It's common for wooden feeders to weather and fade over the years. It is not necessary to treat wood feeders with products; however, if you wish to maintain the appearance of your feeder, you can follow these simple directions. Redwood or Cedar Feeders:
Feeders made from these materials are ideal for outside use because of their natural resistance to weathering. Under normal conditions, these woods require very little maintenance, however, they will gradually fade in color as they age. If you want to maintain the original color of the wood, give it a coat of non-toxic wood sealer or linseed oil every few years. Make sure you apply it to the outside area of the feeder only and not to the eating surface of the bird feeders. There are a wide variety of soy-based non-toxic wood sealers currently on the market. If you can't find one locally, check out Green Builder's Supply on the web. Pine Feeders:
Pine feeders also weather nicely, but will fade with time. Again, apply a non-toxic wood sealer or linseed oil as needed. If your feeder needs repainting, remove any loose paint flakes and sand the birdfeeder lightly. Repaint with an eco-friendly paint rated for outdoor use. Make sure the paint you use does not contain lead, zinc, or chromate.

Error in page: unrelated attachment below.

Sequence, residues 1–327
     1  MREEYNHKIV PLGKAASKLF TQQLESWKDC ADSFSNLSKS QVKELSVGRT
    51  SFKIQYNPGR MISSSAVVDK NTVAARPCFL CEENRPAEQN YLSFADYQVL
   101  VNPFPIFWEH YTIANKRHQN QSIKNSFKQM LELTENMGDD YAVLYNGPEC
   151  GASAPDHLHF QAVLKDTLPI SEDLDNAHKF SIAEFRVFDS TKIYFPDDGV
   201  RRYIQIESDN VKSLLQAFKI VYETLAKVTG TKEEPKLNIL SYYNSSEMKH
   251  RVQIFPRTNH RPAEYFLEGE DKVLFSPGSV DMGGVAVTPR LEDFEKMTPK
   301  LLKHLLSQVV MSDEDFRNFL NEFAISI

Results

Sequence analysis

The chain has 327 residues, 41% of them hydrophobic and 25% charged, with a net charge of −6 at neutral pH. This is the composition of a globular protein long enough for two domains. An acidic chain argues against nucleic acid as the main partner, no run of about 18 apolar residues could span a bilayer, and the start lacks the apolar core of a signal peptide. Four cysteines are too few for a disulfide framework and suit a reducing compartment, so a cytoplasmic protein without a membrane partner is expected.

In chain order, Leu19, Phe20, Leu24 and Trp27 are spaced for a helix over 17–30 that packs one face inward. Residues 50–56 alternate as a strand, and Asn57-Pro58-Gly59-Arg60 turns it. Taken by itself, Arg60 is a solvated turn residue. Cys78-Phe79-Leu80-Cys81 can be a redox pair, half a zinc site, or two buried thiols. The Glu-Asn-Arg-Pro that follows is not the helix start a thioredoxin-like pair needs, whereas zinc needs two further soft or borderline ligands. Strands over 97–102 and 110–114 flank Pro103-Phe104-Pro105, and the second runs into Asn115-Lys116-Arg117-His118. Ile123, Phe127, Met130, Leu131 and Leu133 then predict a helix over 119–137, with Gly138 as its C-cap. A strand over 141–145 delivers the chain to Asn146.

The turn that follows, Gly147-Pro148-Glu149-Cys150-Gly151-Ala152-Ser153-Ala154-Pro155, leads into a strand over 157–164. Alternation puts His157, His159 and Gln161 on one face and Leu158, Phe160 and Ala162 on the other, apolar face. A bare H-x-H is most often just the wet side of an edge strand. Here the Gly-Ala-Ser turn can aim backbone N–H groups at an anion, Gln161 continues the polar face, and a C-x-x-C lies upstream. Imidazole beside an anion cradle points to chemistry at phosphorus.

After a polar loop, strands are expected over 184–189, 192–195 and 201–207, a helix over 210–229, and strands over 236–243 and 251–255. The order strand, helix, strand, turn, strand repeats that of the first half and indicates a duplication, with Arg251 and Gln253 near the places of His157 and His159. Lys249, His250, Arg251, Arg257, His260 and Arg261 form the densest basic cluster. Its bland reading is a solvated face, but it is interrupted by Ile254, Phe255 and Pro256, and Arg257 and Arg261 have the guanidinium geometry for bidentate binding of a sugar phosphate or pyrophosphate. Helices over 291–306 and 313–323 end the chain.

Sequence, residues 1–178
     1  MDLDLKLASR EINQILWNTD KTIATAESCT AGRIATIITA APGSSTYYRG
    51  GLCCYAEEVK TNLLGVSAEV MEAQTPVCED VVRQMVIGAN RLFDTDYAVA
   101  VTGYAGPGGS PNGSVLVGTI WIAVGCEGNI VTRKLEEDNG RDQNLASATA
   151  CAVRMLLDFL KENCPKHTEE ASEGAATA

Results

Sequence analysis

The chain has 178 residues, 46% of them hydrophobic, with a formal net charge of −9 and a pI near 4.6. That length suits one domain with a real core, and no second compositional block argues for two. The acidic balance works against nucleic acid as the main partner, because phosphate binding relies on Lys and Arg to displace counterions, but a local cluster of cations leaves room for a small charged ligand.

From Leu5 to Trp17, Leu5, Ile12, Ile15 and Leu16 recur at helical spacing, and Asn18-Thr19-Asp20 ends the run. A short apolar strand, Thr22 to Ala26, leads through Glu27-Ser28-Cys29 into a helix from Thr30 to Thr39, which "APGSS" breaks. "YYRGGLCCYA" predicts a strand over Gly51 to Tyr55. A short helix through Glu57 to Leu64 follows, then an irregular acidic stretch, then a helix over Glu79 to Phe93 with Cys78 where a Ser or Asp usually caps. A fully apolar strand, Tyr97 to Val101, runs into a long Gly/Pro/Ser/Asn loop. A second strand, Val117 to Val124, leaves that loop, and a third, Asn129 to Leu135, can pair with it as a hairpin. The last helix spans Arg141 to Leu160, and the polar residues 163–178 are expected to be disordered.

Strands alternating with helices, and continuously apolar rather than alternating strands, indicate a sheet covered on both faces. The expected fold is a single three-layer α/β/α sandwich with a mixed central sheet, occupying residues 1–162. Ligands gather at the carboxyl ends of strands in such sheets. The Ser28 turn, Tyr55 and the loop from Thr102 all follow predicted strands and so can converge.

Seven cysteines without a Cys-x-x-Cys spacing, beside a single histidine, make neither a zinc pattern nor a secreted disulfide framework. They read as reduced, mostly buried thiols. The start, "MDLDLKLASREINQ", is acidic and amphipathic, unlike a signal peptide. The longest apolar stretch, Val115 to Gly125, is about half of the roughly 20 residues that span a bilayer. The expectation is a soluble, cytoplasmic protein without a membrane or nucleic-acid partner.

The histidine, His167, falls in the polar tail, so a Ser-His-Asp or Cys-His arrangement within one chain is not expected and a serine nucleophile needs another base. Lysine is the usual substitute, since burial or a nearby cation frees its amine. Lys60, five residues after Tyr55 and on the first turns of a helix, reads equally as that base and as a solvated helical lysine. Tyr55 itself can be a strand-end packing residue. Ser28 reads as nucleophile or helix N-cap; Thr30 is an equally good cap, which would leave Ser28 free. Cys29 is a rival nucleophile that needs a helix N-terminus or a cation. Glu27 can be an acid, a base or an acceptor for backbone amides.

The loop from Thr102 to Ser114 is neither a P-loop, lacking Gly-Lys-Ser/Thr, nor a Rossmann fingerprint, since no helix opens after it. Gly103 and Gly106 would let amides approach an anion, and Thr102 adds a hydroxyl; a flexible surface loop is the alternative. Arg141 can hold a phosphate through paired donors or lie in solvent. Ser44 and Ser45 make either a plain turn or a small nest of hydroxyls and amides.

As with all wooden feeders, inspect them for protruding nails and sharp points or edges each time you fill them with seed. Small cuts and scratches on feet and toes can quickly lead to infections. Copper Feeders
Copper is highly resistant to corrosion, and if not preserved, acquires a beautiful green patina over time. Copper cleaners are considered toxic to birds, so if you want to restore the copper to its original luster, try one of these non-toxic recipes: Non-Toxic Copper Cleaner:
Mix 2 tablespoons salt, 1 tablespoon lemon juice and 1 tablespoon vinegar. Rub with sponge and allow to dry. Rinse with hot water and dry with a soft cloth. Or, apply a paste of lemon juice and cream of tartar and leave on for 5 minutes. Wash in warm water and dry with a soft cloth. Keeping Feeders Clean